It’s hard to believe AI can interact with people this naturally
Onstage at I/O 2018, Google showed off a jaw-dropping new capability of Google Assistant: in the not too distant future, it’s going to make phone calls on your behalf. CEO Sundar Pichai played back a phone call recording that he said was placed by the Assistant to a hair salon. The voice sounded incredibly natural; the person on the other end had no idea they were talking to a digital AI helper. Google Assistant even dropped in a super casual “mmhmmm” early in the conversation.
Pichai reiterated that this was a real call using Assistant and not some staged demo. “The amazing thing is that Assistant can actually understand the nuances of conversation,” he said. “We’ve been working on this technology for many years. It’s called Google Duplex.”
Duplex really feels like next-level AI stuff, but Google’s chief executive said it’s still very much under development. Google plans to conduct early testing of Duplex inside Assistant this summer “to help users make restaurant reservations, schedule hair salon appointments, and get holiday hours over the phone.”
Pichai says the Assistant can react intelligently even when a conversation “doesn’t go as expected” and veers off course a bit from the given objective. “We’re still developing this technology, and we want to work hard to get this right,” he said. “We really want it to work in cases, say, if you’re a busy parent in the morning and your kid is sick and you want to call for a doctor’s appointment.” Google has published a blog post with more details and soundbites of Duplex in action.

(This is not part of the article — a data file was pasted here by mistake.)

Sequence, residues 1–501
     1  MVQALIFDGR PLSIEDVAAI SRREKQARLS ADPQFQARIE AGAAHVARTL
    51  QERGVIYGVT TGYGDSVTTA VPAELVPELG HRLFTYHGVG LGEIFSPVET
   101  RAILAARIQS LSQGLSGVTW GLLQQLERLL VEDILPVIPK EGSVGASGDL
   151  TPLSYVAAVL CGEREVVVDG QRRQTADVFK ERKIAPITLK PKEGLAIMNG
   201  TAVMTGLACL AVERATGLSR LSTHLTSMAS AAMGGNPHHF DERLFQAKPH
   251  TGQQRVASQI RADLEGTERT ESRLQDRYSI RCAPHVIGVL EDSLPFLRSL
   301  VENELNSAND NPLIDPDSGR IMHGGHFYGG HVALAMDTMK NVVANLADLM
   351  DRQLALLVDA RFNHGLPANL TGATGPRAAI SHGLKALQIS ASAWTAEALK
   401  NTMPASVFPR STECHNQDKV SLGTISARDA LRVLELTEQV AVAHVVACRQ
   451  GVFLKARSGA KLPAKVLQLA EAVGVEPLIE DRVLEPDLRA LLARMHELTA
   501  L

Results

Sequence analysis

“The technology is directed towards completing specific tasks, such as scheduling certain types of appointments. For such tasks, the system makes the conversational experience as natural as possible, allowing people to speak normally, like they would to another person, without having to adapt to a machine.” Google envisions other use cases like having Assistant call businesses and inquire about their hours to help keep Maps listings up to date. The company says it wants to be transparent about where and when Duplex is being used, as a voice that sounds this realistic and convincing is certain to raise some questions.
In current testing, Google notes that Duplex successfully completes most conversations and tasks on its own without any intervention from a person on Google’s end. But there are cases where it gets overwhelmed and hands off to a human operator. This section on the ins and outs of Duplex is very interesting:
The Google Duplex system is capable of carrying out sophisticated conversations and it completes the majority of its tasks fully autonomously, without human involvement. The system has a self-monitoring capability, which allows it to recognize the tasks it cannot complete autonomously (e.g., scheduling an unusually complex appointment). In these cases, it signals to a human operator, who can complete the task.
To train the system in a new domain, we use real-time supervised training. This is comparable to the training practices of many disciplines, where an instructor supervises a student as they are doing their job, providing guidance as needed, and making sure that the task is performed at the instructor’s level of quality. In the Duplex system, experienced operators act as the instructors. By monitoring the system as it makes phone calls in a new domain, they can affect the behavior of the system in real time as needed. This continues until the system performs at the desired quality level, at which point the supervision stops and the system can make calls autonomously.
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